The state Supreme Court anchored Washington’s open government law firmly in the 21st century last Thursday.
In an important ruling involving Pierce County Mark Lindquist, the court ruled that officials can’t turn public documents into secrets by stashing them on their own mobile devices. Like personal computers, private cellphones are subject to the state’s Public Records Act.
The decision arose from a former sheriff’s deputy’s claim that Lindquist had secretly retaliated against her in the course of a legal dispute. Suing Pierce County, Deputy Glenda Nissen asserted that evidence of retaliation could be found in his cellphone records over a two-day period in August 2011; she asked a court to order the county to release them.
Lindquist let the county release copies of logs that itemized the dates and times of his calls and text messages, though he withheld the details on communications he described as purely personal. He said he’d erased the actual messages, but Verizon presumably has copies of them.
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Nissen wanted a judge to review any text messages that Lindquist deems personal. She ultimately lost that battle.
The public stood to lose a much larger battle when the county’s attorneys began arguing that nothing on the cellphone belonged to the public.
Since Lindquist acknowledged that there was government business on his phone, that claim amounted to a frontal attack on the Public Records Act. If the act didn’t apply to the mobile devices that dominate modern communications, secretive officials would have an impenetrable fortress in which to hide information.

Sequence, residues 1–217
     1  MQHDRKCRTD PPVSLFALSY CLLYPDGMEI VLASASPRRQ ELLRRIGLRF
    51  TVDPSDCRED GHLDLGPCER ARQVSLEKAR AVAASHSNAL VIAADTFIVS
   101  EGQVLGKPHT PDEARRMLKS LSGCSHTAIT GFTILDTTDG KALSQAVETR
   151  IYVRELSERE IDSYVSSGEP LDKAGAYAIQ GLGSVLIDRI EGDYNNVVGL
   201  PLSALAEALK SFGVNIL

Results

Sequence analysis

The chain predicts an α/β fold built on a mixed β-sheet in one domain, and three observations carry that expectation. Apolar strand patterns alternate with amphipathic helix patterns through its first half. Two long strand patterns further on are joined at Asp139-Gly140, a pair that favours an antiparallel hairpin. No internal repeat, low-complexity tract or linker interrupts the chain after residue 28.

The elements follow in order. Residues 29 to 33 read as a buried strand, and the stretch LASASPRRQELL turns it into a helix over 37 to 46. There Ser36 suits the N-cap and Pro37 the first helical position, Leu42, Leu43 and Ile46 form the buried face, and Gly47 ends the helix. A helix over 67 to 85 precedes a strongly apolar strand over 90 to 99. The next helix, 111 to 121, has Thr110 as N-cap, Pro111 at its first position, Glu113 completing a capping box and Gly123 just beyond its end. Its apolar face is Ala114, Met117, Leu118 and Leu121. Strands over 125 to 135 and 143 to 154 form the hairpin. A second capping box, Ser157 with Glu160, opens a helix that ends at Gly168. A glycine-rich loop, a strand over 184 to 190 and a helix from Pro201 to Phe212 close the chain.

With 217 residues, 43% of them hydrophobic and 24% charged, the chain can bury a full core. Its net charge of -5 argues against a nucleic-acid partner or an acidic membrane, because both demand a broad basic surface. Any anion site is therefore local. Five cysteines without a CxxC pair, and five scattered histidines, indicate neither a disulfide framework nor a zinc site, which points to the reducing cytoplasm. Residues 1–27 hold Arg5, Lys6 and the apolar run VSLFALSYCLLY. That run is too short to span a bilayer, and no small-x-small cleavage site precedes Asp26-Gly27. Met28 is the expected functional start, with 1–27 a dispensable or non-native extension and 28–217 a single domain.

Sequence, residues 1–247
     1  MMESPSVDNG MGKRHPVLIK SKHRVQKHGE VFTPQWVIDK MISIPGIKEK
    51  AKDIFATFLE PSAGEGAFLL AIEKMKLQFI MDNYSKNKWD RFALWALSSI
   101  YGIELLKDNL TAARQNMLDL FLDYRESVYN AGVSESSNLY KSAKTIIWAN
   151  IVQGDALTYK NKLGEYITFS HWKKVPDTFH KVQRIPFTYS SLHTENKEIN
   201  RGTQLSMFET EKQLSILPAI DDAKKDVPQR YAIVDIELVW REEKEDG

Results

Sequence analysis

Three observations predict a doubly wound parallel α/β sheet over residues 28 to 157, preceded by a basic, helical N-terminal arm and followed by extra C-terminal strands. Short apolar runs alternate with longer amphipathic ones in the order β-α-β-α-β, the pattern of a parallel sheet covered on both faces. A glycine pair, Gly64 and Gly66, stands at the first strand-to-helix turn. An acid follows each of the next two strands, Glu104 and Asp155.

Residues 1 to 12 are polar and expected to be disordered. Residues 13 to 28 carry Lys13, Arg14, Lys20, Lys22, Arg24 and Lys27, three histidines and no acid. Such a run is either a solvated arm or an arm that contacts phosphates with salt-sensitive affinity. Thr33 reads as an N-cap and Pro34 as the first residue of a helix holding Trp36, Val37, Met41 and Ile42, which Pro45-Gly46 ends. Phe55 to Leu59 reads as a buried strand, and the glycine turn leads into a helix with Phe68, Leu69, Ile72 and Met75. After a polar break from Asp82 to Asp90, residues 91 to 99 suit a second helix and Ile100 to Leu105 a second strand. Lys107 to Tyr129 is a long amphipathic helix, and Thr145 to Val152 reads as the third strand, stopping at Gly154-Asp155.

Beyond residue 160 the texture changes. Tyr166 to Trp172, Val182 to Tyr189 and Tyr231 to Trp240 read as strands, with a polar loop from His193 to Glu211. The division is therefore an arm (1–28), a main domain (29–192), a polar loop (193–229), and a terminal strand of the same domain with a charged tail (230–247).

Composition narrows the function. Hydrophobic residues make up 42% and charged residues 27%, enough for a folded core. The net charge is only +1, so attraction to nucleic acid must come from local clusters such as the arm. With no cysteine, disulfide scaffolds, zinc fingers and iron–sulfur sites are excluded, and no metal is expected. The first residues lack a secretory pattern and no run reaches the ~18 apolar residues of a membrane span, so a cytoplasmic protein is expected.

The court unanimously refused to go there, noting that “the public’s right to a transparent government” depended on access to work documents stored or created by individual employees on their personal devices.
This wasn’t an absolute victory for open government. Under the ruling – which cost county taxpayers a reported $304,000 – it’s still up to government officials to decide which messages to release and which to withhold. The court did not allow for judicial review in the absence of evidence that public documents were being wrongly concealed.
But governments can still take steps to deter illegal secrecy.
Pierce County could, for example, forbid the transaction of any public business on private devices. Hillary Clinton notwithstanding, it’s not hard to carry a second smartphone to ensure a clean separation between business and personal messaging.
There is also off-the-shelf technology – widely employed – that automatically syncs private devices to the government computer system. Business calls are thus captured in public databases. Local governments that haven’t adopted policies or systems to segregate the public from the private are asking for trouble.
As for Lindquist, this dispute has left some with the impression that he may have something to hide in the Nissen case. It would be in his own interest to definitively dispel this perception.
The court has held that he doesn’t have to let a court certify that the text messages he redacts are genuinely personal. With that established, nothing stops him from voluntarily running his redactions past a judge, who would review them in confidence. That would be a smart way to put this case behind him.